Electoral Boundaries Commission Interim Report

The Prince Edward Island Electoral Boundaries Commission released its interim report on proposed changes to the area, boundaries and names of the province's 27 electoral districts on June 30, 2004.  The complete report is available online at  The Commission also announced it will hold public hearings in September to receive feedback on the proposals contained in the report.  The Commission's final report is due in October of this year.

Assemblée parlementaire de la Francophonie (APF)

From July 4 to July 7, 2004, the Legislative Assembly of Prince Edward Island hosted the Thirtieth Session of the Assemblée parlementaire de la Francophonie (APF). It was the first time that an associate section of the APF hosted this annual event. Special guests included Abdou Diouf, Secretary-General of the Organisation internationale de la Francophonie.

Parliamentary delegations from around the world, including Burkina Faso, Cameroun, France, Lithuania, Morocco, Niger, Tunisia and Vietnam among others, convened in Charlottetown for their annual conference. Participants deliberated on issues of common interest to the international Francophone community.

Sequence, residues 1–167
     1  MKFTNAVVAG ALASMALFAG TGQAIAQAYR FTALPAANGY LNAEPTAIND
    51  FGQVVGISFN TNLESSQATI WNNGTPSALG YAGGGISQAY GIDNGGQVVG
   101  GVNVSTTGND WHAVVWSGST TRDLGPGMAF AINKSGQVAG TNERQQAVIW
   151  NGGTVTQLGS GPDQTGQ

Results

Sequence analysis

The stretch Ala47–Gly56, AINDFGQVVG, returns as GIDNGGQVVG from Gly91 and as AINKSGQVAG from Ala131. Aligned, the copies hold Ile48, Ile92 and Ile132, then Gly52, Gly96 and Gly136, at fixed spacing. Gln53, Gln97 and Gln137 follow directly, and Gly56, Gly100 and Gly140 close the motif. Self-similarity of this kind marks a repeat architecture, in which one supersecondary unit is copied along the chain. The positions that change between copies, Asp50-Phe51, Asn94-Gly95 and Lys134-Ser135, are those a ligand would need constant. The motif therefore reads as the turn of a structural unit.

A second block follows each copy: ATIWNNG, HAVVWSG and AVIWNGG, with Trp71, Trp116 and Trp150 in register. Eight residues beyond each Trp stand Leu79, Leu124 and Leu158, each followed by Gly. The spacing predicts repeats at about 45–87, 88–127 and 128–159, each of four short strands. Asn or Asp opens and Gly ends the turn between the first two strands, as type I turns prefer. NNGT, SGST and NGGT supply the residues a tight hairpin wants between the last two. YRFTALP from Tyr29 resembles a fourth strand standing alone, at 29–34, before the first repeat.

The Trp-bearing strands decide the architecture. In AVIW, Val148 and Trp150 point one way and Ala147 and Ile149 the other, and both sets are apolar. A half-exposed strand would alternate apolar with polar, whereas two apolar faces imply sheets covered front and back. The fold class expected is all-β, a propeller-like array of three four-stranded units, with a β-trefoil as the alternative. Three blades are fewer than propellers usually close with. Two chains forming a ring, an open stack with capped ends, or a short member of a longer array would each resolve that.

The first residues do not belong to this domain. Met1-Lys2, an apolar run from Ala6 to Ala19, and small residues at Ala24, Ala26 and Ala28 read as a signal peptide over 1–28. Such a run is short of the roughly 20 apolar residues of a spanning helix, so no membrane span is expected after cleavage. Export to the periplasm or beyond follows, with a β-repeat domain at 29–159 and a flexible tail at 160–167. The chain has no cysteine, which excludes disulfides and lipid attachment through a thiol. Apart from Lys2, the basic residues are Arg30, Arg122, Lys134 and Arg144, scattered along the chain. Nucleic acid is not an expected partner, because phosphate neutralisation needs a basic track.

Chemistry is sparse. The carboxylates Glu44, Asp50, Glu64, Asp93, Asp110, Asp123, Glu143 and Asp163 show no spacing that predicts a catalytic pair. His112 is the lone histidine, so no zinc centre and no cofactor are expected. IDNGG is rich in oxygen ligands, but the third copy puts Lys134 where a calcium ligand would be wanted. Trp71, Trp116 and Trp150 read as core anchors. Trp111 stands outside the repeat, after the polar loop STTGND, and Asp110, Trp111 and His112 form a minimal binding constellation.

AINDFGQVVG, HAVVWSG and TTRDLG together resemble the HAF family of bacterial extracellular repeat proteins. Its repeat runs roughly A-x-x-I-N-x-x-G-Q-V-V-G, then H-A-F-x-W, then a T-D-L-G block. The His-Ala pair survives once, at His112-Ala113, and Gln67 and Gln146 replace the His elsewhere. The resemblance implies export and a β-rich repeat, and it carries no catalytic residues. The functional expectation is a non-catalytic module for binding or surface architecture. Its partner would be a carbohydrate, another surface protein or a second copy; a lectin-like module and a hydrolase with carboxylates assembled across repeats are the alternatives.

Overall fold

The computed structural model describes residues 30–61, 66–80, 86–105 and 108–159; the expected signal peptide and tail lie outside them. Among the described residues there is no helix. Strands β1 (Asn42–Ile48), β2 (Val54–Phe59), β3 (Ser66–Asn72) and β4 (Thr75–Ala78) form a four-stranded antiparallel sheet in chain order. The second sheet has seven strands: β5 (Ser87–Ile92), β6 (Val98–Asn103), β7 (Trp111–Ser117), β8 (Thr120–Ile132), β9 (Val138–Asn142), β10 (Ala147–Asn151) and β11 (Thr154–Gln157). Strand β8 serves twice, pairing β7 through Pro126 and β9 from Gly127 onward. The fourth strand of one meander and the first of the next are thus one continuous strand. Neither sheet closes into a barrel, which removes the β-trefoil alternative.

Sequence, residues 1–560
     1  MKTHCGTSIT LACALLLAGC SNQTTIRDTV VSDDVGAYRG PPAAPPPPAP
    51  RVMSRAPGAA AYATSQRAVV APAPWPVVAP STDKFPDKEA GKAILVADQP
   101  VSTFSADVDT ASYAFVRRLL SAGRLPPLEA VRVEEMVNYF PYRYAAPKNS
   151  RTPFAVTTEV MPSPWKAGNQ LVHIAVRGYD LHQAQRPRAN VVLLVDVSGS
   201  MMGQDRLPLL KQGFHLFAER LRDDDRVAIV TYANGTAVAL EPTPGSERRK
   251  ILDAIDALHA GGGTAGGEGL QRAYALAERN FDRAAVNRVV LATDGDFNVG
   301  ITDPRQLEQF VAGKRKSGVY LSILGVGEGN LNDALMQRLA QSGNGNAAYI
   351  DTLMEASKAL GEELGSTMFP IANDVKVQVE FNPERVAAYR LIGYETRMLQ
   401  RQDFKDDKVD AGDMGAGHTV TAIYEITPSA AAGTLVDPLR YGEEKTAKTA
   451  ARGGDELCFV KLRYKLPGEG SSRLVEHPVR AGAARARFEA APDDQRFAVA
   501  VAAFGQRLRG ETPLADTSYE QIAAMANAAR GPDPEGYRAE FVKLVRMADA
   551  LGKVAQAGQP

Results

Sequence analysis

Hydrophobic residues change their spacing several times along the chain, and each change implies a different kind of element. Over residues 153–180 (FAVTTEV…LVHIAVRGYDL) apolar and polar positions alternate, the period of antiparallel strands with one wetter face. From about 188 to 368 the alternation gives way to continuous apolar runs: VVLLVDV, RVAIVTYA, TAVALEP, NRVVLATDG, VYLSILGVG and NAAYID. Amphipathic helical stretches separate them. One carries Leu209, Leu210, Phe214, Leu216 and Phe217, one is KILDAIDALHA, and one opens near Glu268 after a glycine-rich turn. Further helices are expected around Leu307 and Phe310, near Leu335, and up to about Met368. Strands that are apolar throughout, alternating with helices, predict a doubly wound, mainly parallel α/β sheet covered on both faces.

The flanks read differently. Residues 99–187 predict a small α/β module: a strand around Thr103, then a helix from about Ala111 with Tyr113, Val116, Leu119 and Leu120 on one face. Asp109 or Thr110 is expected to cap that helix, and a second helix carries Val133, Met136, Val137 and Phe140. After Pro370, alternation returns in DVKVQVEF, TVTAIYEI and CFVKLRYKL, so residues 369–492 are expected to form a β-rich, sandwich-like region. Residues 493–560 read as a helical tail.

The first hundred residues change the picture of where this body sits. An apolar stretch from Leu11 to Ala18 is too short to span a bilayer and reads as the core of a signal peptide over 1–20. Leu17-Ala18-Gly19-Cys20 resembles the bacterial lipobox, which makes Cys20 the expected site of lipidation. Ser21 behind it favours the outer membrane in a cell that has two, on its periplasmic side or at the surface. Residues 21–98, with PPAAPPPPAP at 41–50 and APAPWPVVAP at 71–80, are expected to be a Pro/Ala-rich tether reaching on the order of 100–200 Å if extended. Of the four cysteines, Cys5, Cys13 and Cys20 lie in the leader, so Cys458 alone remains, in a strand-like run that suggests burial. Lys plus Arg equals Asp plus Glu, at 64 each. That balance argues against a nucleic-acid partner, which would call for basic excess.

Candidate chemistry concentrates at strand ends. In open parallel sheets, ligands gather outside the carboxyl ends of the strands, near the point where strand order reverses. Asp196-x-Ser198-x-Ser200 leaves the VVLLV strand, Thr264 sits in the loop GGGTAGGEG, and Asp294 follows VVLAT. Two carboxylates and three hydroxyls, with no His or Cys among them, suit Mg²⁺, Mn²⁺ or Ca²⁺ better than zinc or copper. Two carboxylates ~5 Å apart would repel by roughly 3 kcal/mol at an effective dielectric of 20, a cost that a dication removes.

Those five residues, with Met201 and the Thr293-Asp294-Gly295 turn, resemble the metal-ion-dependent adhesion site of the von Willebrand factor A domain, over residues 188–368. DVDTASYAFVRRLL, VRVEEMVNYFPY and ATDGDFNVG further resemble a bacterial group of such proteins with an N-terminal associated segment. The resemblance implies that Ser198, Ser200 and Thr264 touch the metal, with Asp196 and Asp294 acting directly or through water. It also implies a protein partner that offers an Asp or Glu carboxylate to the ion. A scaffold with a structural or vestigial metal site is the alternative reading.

"It was a great honour for our Legislative Assembly and the Province of Prince Edward Island to have been chosen to host this prestigious event," said MLA Wilfred Arsenault who was instrumental in bringing this international conference to the Island.

While in Prince Edward Island, delegates and their guests attended a reception at Government House hosted by the Lieutenant-Governor, J. Léonce Bernard, and enjoyed a dinner to celebrate the 400th anniversary of l'Acadie, toured the Confederation Bridge and attended a reception hosted by Premier Binns at Founders Hall, among other activities.

The APF brings together 73 parliaments from all five continents and serves as a democratic link between Francophones and their institutions worldwide. It also serves as a forum for debate and information exchange on issues of common interest to French-speaking parliamentarians. The APF initiates and implements action in the areas of interparliamentary cooperation and democratic development. Its actions aim at strengthening solidarity between parliamentary institutions and promoting democracy, especially within the international Francophone community.